1st common test for non-IIM institutes in February | mumbai | Hindustan Times
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1st common test for non-IIM institutes in February

In February, candidates aspiring for B-schools across the country will be able to appear for the first Common Management Admission Test (CMAT).

mumbai Updated: Dec 05, 2011 02:01 IST
Bhavya Dore

In February, candidates aspiring for B-schools across the country will be able to appear for the first Common Management Admission Test (CMAT).

To be conducted online by the All India Council for Technical Education (AICTE) between February 20 and February 28 next year, registrations will begin from December 9. The dates were released in an AICTE notification on Sunday. The CMAT aims to decrease the burden on students having to sit for multiple entrance tests for different institutions.

“It (the test) will benefit students because it will save them from appearing for numerous entrance tests; they will spend less money on application forms and will be better prepared,” said SS Mantha, AICTE chairperson.

Mantha added that around 2.5 lakh students across India are likely to appear for first CMAT, with test scores applicable to 4,000 business schools excluding the Indian Institutes of Management (IIMs). The Common Admission Test will continue to be the criterion for entry to the IIMs.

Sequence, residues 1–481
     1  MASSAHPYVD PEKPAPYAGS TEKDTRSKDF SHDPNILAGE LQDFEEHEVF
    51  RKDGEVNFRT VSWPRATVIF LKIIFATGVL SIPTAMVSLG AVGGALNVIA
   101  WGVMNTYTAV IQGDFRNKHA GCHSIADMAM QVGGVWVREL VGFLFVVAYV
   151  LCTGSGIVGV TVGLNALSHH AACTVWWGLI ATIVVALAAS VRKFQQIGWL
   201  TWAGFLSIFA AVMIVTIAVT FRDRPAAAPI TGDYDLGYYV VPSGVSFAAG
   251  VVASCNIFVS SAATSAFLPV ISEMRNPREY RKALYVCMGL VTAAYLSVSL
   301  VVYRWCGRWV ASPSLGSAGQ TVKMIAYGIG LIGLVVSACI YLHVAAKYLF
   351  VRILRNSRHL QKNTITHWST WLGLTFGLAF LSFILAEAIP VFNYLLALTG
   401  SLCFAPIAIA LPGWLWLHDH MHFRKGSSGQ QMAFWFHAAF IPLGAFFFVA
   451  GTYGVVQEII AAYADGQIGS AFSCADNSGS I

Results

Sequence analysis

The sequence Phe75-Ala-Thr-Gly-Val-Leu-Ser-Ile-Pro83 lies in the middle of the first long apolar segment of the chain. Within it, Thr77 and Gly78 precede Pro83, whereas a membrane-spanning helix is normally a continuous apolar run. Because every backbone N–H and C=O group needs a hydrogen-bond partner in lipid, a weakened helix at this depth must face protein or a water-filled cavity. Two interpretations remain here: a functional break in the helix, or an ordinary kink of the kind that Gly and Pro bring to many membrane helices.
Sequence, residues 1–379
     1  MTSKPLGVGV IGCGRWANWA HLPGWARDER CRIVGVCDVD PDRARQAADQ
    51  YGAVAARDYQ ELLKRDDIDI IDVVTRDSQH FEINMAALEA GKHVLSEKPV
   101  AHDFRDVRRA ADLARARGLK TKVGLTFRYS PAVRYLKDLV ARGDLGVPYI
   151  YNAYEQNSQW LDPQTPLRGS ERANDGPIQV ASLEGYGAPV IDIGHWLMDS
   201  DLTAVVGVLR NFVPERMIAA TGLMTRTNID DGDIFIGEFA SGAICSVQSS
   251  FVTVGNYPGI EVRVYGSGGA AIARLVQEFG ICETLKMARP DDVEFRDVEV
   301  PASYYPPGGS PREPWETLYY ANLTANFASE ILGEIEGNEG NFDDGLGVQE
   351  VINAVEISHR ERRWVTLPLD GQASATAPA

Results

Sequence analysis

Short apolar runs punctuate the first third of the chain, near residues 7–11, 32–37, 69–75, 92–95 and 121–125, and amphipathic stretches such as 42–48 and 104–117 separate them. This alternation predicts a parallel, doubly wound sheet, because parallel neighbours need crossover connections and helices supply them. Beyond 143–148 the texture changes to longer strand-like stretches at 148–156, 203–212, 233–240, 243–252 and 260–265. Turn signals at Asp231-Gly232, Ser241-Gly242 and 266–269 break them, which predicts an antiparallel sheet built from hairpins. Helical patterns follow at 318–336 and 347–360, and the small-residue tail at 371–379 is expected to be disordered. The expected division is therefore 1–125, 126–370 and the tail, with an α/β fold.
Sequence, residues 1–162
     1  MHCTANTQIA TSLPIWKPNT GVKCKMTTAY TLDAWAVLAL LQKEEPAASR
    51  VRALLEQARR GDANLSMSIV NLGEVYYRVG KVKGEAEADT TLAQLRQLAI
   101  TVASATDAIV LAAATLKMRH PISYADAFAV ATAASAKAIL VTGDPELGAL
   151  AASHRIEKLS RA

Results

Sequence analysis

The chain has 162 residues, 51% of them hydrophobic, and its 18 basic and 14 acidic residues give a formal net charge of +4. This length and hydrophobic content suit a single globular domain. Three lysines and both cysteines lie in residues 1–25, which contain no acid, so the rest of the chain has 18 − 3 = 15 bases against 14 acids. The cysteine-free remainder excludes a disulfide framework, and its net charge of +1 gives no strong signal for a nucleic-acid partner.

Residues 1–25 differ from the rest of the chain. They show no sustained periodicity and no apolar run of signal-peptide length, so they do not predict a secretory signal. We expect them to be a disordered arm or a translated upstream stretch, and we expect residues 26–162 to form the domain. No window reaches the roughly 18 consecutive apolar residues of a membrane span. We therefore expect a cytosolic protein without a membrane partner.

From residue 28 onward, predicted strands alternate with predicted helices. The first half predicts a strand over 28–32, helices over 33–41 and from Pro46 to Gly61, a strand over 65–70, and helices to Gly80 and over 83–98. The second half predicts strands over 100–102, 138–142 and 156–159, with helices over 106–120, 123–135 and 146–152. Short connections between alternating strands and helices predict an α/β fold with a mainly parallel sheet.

In July, the Supreme Court gave its nod to the Council – it governs management education across India – to conduct its own entrance test.

However, it is not yet clear whether the new CMAT will replace the existing state Common Entrance Tests and other B-school tests or exist alongside. B-schools will have to clarify the number of students that will be admitted through CMAT. “We appreciate the government’s single test but it is too early to go completely online,” said Rekha Sethi, director general of the All India Management Association, which conducts the Management Aptitude Test (MAT).

“An online test is three times more expensive with connectivity and power supply being an issue in smaller towns.

An online test will only create a further digital divide.”

The MAT held it’s last of the four tests for this year on Sunday. In all, around 1.56 lakh students appeared for the test, with only 12% choosing the computer based test and 88% choosing the paper-pencil version. MAT is the entry criterion to around 600 B-schools across the country.